Sri Lanka: Authorities must refrain from use of military to police protests
“The recent escalation of the authorities’ response to protests by calling in the armed forces, firing at protestors and excessive use of tear gas which resulted in the death of one person yesterday is deeply worrying,” said Yamini Mishra, Amnesty International’s South Asia Regional Director.
On the morning of 13 July 2022, thousands of protestors started making their way towards the Prime Minister’s office and the Parliament in Colombo. After an angry face-off, protesters breached the gates and took over the Prime Minister’s office. Amnesty International staff present at the protest location confirmed that law enforcement officers fired volleys of teargas against people, including children and journalists some of whom were seen escaping the plumes while coughing and sputtering. Dozens of protesters were injured, and one was reported dead. At Galle Face, helicopters flew low overhead, where a rolling peaceful protest site had been established three months ago in the prolonged agitation over the economic crisis in the country. At another protest near the Parliament later the same day, more than 80 people were reported to be injured and admitted to hospital.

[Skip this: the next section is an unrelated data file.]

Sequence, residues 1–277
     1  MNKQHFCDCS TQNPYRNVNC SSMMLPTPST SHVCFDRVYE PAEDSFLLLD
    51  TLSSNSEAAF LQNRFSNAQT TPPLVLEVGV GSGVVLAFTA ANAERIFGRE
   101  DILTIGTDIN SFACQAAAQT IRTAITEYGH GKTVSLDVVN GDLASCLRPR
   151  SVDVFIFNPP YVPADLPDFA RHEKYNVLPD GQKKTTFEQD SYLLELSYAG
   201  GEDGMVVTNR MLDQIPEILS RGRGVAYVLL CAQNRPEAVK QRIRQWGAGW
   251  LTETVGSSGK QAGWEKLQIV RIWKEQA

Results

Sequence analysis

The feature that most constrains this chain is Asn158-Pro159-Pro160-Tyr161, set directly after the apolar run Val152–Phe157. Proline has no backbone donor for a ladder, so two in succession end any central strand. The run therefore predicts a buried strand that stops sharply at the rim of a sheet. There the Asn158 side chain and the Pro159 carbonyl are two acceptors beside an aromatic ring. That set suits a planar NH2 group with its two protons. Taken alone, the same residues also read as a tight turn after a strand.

At 3pm the Prime Minister Ranil Wickremesinghe delivered a televised address in which he said he had ordered the military to “do whatever is necessary to restore order”. On 14 July 2022, a press release was issued by the army announcing a warning that they will use force to restore law and order in the country.
Any blanket order authorising use of force by armed forces is problematic even during times of emergency. The armed forces should not be involved in the policing of public assemblies, since they are trained to fight against enemies and not to protect and control civilians.
Amnesty calls upon law enforcement agencies to act with restraint to avoid further serious injury and loss of life. They may only use the minimum level of force necessary force to bring a situation under control where doing so is strictly necessary and proportionate. Even in instances where some parts of a protests turn violent, law enforcement must assess the situation on a case-by-case basis with use of force only where absolutely necessary and only against those engaged in violence. It must be strictly proportionate to the situation faced by law enforcement, which means authorities must not cause more harm than they seek to avert.
“At a time when the country is facing a dire economic crisis and protests are growing in scale, authorities must make comprehensive efforts to de-escalate the situation and focus resources on ensuring people can access essential goods and services, in line with international human rights law and standards,” said Yamini Mishra.